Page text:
Qantas has been told by CASA that it must fix its maintenance culture as well as its jets.

That demand will seriously exercise a Qantas management in transition in the final three months of Geoff Dixon’s tenure as CEO before his replacement Alan Joyce takes over.

The short term bonus driven cost cutting culture of the carrier is now right in the cross hairs of stage two of the CASA special audit of Qantas, the first part of which was released in a dumbed down form yesterday.

Stage Two, involving one each of a Qantas 747, 767 and 737, will determine if the maintenance work that was supposedly done on them in recent years was actually carried out in full, or to required standards, and overseen and signed off by qualified supervisors and senior managers, and without short cuts or deferrals involving critical procedures.

This follow-up auditing will last for three months, and could put real constraints on how the Joyce team at Qantas goes about running the airline.

It also gives the lie to claims made by Dixon that the audit was not about safety or compliance, and that it was mainly the fault of the ground engineers and mechanics for banning overtime for 10 weeks earlier this year.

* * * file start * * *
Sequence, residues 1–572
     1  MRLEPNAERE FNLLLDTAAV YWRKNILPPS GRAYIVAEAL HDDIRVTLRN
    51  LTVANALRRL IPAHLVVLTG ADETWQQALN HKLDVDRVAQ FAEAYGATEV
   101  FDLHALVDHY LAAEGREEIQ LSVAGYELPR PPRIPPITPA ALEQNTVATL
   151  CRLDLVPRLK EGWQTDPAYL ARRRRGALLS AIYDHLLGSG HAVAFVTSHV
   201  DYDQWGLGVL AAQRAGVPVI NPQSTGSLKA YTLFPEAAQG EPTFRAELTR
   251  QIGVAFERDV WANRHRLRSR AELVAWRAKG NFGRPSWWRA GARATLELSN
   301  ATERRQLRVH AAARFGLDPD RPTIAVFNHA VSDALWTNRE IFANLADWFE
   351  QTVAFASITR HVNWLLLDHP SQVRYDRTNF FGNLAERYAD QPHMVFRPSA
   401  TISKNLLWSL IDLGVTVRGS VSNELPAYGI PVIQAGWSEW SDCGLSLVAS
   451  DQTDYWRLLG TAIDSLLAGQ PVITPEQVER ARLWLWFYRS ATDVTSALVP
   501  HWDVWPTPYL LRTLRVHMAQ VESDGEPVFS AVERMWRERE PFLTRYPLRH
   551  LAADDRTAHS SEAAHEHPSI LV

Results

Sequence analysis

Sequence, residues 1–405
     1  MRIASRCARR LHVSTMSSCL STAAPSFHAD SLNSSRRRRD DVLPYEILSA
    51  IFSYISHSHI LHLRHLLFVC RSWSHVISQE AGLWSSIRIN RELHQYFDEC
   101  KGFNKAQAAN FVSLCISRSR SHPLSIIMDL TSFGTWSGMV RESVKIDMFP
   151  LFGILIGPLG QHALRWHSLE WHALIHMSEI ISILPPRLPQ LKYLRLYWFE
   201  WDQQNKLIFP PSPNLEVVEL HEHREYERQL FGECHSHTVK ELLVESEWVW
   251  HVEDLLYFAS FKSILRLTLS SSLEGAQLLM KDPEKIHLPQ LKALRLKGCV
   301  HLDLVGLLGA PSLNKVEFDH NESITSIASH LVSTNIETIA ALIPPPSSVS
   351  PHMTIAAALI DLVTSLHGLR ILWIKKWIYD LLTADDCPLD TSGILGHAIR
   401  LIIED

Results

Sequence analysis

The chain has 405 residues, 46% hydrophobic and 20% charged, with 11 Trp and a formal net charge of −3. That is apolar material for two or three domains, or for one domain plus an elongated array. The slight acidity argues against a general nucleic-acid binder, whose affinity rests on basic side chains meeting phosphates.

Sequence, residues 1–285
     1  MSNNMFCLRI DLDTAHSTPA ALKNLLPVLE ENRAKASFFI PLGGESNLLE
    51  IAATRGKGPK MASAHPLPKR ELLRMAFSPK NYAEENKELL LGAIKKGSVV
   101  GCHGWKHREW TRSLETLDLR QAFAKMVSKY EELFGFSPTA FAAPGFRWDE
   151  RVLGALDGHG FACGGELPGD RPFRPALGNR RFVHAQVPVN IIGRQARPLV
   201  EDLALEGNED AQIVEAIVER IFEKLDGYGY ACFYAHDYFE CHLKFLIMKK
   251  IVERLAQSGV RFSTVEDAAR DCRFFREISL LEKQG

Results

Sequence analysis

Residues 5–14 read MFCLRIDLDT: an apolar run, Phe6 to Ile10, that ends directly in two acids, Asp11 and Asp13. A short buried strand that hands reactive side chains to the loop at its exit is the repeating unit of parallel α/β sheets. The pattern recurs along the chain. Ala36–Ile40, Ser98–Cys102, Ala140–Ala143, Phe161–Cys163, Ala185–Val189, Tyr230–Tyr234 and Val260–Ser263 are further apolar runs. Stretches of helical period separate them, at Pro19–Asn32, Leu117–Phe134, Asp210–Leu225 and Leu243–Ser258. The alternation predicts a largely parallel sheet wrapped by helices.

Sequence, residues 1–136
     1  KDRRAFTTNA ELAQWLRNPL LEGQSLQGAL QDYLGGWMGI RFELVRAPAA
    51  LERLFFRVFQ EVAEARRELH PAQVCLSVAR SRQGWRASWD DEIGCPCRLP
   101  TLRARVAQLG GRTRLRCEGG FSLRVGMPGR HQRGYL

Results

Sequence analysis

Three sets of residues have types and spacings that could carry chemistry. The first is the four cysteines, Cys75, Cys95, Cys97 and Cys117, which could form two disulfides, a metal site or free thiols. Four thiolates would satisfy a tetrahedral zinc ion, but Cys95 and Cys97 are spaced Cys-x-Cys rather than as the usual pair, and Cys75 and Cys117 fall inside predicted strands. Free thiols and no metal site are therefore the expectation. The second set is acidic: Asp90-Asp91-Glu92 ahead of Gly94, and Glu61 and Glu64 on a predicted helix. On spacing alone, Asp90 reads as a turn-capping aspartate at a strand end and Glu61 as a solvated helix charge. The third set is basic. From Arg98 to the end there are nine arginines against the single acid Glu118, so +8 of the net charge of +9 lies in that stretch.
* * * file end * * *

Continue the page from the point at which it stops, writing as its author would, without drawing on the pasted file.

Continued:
The CASA deputy chief executive operations, Mick Quinn, didn’t buy that, pointing to a prolonged period of decline in standards which have been obvious to Qantas frequent flyers for many months.

The claims by the engineering union that management neither valued nor understood the need to properly resource its fleet care has been vindicated, but only after months of misery caused by delays and dirty aircraft and a series of alarming incidents.

The on-going examination and correction of Qantas also shifts the focus from the favourite union bogey of sub standard offshore maintenance to the much more extensive problem of inadequate engineering support in Australia.

However the heat being applied to Qantas must inevitably burn CASA as well. It has only just discovered inadequacies in Qantas that have gone undiscovered or ignored by it for many years. Why have the problems it has now identified been invisible to scores of CASA audits of Qantas in the past five years?

Peter Fray

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